When I returned the call the 9-1-1 dispatcher proceeded to carry on a conversation with me for what seemed like an eternity until rescue workers swarmed onto the scene where I was hanging. The “companionship” had been comforting, but I was unable to hold onto the bar of my stand while holding the phone. As a result, the pressure on my legs and feet became increasingly difficult to bear. My legs and feet had gone from uncomfortable to painful, and then they had gone numb from the knees down. Breathing was also becoming somewhat of a challenge because of my lungs getting internal pressure from being upside down. Help had arrived approximately one hour and fifteen minutes after my situation had begun.

Two ladders, some rope, about ten rescue personnel, and approximately twenty minutes later I walked from my tree to my mother’s back yard without any assistance. The time that I had tried to save by ignoring basic tree stand safety procedures had cost me the second half of the day’s hunt. Without some good luck and speedy rescue personnel, it could have cost me my life.

Several weeks later I had the opportunity to meet Todd and personally thank him for his help in rescuing me. In a measured and somber delivery, Todd told me that I was a lucky man. Todd let me know that he had dealt with three other incidents like mine during his years on the job. Two of those hunters had come out of the woods in body bags, and the third had both of his legs amputated at the knees due to the loss of circulation while hanging from his stand.

I learned two very important lessons from this ordeal that I would like to pass along to other hunters who hunt from treestands: 1) Always use your Full Body Harness, and 2) Always use your Full Body Harness.

The Harness that I rely on now is the Rescue One.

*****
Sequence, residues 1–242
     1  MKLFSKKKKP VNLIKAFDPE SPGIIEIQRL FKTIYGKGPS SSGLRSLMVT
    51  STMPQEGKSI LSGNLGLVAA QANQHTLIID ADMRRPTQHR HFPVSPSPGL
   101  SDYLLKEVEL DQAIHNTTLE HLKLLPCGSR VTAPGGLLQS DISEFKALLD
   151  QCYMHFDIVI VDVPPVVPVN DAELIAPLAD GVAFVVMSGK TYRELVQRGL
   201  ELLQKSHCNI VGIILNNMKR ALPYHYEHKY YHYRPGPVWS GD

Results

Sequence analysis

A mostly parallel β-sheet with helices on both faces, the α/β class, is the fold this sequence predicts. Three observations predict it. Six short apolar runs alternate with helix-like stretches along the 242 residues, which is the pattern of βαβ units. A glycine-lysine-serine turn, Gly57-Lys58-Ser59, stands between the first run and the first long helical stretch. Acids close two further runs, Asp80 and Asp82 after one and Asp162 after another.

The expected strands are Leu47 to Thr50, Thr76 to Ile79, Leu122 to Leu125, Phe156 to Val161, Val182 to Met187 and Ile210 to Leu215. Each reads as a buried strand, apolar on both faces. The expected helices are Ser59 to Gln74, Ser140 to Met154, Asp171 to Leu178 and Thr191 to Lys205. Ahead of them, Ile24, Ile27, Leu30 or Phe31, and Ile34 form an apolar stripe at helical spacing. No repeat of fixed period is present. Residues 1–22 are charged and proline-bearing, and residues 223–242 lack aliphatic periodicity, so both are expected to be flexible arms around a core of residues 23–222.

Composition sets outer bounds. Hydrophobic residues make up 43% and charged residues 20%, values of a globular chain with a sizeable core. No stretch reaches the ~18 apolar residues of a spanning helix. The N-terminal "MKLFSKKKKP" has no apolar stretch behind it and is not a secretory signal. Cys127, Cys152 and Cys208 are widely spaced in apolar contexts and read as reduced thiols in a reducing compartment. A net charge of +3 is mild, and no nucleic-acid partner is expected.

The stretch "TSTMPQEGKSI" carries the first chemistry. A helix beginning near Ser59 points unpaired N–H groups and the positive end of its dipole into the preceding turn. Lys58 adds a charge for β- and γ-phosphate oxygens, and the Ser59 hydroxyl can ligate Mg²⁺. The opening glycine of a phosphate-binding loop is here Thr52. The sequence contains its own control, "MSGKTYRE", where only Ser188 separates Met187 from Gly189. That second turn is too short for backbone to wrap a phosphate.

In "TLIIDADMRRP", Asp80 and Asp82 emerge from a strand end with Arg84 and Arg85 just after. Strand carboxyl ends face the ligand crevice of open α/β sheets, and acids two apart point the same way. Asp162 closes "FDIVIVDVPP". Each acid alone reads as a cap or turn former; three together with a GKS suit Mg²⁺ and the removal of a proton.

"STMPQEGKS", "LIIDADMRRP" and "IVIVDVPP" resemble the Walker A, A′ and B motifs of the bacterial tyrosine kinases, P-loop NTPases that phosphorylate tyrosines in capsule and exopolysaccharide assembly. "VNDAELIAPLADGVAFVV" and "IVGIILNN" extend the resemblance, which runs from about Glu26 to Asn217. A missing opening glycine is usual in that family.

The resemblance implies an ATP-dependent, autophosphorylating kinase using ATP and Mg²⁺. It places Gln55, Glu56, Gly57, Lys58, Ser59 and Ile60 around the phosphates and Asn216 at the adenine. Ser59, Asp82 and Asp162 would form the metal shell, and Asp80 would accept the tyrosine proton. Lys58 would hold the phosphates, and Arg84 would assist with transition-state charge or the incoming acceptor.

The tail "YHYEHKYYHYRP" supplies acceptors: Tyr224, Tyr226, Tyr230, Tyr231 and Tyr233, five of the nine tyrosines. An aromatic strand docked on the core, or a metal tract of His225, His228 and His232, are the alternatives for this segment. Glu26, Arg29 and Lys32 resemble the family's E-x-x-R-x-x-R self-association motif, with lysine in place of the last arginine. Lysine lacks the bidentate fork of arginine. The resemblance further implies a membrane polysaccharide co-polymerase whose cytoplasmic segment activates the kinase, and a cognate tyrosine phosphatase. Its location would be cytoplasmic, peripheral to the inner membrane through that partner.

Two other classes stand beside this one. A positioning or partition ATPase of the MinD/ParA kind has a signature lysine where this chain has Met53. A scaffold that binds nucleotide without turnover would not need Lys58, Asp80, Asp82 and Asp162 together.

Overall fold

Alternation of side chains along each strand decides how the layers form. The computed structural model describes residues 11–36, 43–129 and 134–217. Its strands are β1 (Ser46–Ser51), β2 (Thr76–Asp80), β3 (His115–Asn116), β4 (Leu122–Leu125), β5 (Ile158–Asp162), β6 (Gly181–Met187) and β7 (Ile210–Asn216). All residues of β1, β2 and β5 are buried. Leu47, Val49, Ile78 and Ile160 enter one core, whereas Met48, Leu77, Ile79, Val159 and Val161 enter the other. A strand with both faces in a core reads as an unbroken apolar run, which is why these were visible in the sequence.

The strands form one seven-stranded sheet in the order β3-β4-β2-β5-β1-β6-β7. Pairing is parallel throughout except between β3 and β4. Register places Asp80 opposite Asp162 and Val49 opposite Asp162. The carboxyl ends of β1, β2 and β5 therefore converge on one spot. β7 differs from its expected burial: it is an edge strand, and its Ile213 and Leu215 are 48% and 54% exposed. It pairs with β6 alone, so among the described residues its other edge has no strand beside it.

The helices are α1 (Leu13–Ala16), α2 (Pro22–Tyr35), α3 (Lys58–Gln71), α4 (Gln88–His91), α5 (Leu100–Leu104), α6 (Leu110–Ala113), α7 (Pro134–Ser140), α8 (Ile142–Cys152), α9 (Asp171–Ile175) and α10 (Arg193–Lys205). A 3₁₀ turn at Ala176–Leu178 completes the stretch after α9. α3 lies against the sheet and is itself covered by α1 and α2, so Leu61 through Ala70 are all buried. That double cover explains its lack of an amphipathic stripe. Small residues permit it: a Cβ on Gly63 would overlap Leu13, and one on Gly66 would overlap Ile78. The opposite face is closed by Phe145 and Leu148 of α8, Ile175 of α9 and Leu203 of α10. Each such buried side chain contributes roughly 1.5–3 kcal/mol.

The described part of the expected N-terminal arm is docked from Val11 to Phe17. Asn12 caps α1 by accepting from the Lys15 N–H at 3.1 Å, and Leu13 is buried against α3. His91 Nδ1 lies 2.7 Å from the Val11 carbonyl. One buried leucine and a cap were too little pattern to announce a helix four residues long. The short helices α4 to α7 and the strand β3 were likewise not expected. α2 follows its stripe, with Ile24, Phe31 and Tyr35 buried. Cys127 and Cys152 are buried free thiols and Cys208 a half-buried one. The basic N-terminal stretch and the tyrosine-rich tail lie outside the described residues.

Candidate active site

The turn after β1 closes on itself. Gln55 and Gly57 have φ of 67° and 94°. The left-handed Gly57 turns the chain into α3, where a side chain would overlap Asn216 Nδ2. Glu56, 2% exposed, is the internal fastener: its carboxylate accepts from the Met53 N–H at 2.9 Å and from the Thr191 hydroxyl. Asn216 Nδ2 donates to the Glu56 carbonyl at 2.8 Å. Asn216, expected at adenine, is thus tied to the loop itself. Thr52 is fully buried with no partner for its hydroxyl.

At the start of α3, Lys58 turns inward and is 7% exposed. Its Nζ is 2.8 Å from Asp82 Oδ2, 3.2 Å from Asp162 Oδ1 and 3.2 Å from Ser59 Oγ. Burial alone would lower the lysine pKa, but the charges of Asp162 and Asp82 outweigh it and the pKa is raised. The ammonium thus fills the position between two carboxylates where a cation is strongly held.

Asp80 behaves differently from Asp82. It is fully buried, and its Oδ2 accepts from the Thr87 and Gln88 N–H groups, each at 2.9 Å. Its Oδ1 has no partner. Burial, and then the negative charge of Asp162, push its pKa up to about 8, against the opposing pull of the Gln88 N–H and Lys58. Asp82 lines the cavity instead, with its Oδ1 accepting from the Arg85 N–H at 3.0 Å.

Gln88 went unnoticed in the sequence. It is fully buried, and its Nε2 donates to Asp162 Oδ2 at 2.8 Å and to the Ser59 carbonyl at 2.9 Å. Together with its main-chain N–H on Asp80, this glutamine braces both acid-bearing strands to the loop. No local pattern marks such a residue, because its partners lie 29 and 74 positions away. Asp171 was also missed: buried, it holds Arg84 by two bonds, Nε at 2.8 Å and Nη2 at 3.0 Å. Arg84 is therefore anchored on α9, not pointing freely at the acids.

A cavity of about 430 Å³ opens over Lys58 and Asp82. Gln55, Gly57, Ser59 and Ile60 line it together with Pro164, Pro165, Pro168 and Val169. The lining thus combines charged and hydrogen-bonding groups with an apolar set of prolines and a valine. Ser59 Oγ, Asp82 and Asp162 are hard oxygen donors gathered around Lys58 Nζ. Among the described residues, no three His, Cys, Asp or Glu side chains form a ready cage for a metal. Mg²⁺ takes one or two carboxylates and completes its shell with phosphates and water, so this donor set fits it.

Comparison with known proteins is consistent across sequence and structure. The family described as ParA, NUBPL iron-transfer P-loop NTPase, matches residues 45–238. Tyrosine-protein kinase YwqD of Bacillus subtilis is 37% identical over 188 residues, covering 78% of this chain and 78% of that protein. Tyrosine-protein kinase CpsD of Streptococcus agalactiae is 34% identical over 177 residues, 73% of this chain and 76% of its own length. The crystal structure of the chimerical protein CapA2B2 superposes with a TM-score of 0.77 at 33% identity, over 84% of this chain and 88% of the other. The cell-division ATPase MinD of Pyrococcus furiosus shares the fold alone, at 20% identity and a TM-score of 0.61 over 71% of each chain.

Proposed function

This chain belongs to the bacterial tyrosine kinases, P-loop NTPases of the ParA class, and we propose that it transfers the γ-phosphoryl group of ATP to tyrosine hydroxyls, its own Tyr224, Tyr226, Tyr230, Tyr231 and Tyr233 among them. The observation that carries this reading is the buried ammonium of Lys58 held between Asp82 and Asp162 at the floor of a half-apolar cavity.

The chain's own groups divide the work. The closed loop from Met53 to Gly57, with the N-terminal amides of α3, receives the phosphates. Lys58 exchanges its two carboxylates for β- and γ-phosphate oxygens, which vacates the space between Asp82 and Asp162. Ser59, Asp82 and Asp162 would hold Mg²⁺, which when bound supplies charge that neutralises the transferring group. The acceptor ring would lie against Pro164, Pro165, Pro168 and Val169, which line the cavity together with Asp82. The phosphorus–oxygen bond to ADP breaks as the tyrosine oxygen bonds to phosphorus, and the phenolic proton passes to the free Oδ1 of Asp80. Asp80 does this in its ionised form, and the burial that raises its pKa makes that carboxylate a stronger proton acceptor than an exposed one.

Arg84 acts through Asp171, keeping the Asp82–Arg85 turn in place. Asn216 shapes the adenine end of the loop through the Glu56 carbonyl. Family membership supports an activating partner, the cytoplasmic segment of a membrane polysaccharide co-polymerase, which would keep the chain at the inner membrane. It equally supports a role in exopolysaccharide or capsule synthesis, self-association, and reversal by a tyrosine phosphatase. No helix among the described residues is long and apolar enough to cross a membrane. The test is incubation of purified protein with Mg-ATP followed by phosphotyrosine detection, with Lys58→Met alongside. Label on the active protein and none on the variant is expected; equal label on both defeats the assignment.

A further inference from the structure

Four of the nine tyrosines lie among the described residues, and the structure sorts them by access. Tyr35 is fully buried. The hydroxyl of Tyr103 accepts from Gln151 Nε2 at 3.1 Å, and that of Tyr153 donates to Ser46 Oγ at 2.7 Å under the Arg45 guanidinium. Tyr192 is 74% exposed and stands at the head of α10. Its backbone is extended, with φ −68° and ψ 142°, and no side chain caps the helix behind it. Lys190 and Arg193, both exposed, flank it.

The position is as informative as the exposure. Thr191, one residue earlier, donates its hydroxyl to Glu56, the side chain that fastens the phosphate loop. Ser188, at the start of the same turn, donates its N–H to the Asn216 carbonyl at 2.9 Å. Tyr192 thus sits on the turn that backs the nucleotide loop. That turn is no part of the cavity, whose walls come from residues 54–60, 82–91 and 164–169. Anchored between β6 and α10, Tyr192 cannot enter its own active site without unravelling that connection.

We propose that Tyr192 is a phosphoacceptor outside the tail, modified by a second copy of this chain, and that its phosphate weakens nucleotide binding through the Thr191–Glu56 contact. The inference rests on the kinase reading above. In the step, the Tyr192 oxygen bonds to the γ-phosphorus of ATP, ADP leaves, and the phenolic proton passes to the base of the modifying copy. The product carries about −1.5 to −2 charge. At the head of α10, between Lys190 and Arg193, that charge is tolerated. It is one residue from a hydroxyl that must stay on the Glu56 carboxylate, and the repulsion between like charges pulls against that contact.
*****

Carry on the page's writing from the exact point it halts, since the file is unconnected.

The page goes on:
The following may save your life;

I once read a magazine report that said 1 out of 3 treestand hunters would eventually be involved in an accident. In spite of the fact that I was a self-taught treestand hunter, I never considered that I would eventually be included in the 1 because I was “always careful”. That philosophy proved to be life-threatening the one time that I chose to put caution aside by using a quality climbing treestand without attaching myself to the tree during my ascent. Luckily I survived the resulting ordeal.

I now know that wearing a Rescue One full body harness and staying attached to the tree from the moment I leave the ground until the moment I return to the ground is the only way to go.

I recently had the opportunity to view the DVD Safe Treestand Hunting Strategies by the National Bowhunter Education Foundation. Watch this important instructional by clicking this link… http://www.treestandvideo.com/treestandvideo.html The information in this DVD is detailed and specific regarding the precautions necessary to make each hunt safe. The Safe Treestand Hunting Strategies DVD emphasizes the need to be attached to the tree at all times, demonstrating the potential for injury or death if that safety measure is ignored. Properly using my Full Body Harness as described in the DVD would have prevented me from becoming suspended upside down by making it impossible for me to fall backward from the top section of my stand. I failed to remain connected to the tree at all times.

Some might say that you live and learn, but following the safety measures outlined in Safe Treestand Hunting Strategies will help hunters to learn and live. I now wear a Rescue One Harness. It not only offers all of the benefits of a certified Full body harness but it also has the unique ability to lower you to the ground.

Only the Rescue One harness has 30 feet of descender rope that can be deployed and lower you to the ground.